Goodbye Code for Sustainable Homes

14 April 2015

Long lasting and efficient homes the target of Designers

The Code for Sustainable Homes was a government introduced building standards guide, introduced in 2006, designed to create homes of higher efficiency throughout their lifetime.

Based on a points system a new build home was given a star rating of 1 to 6 to signify its efficiency through 9 major measures of sustainable design:

- Energy/CO2
- Water
- Materials
- Surface Water Run-off
- Waste
- Pollution
- Health and Wellbeing
- Management
- Ecology

The sustainability of a home was not tested simply by the thermal performance of its building materials but takes into account the use of water, the renewability of materials used to build the home and power usage.

Although nationally voluntary, many local councils set levels of the Code as planning requirements for new build homes, for instance in Harrogate any new build homes had to achieve Code 4 for Sustainable Homes.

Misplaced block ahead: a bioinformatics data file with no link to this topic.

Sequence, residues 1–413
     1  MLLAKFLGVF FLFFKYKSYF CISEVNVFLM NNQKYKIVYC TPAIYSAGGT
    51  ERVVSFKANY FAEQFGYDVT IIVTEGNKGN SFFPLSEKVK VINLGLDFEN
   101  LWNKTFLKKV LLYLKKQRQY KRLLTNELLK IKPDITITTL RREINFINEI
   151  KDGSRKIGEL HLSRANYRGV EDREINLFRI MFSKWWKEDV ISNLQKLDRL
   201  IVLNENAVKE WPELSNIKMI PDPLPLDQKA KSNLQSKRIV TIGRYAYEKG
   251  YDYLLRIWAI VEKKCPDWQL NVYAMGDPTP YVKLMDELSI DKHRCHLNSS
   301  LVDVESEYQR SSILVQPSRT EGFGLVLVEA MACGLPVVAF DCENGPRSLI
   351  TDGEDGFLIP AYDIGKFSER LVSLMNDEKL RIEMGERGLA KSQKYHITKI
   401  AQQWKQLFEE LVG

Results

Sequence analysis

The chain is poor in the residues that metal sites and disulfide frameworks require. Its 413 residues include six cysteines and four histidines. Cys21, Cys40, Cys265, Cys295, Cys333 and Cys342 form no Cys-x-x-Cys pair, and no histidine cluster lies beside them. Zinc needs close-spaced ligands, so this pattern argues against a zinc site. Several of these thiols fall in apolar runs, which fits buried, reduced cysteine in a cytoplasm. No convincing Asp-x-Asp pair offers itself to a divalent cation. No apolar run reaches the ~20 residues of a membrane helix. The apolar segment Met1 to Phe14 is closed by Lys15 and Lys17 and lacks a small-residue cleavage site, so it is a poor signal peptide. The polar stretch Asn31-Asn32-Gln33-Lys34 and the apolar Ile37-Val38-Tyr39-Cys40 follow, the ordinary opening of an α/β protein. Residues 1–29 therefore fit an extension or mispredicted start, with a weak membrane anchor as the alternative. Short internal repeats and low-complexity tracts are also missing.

But this system was officially scrapped by the government early this year following the ‘Housing Standards Review’. In a bid to remove a lot of unnecessary red tape from the house building market in the UK the Code for Sustainable Homes will be wound down with elements of the Code integrated into current Building Regulations.

At the moment Code 3 for Sustainable Homes is incorporated into Building Regulations standards with this looking to increase to a standard Code 4 in the future.

Although the Code for Sustainable Homes decreased the environmental impact of new housing within the UK  and helped drive down prices for sustainable building products it is hoped that the new set of guidelines will achieve a national increase in housing standards and help home builders increase the performance and quality of their home building designs.

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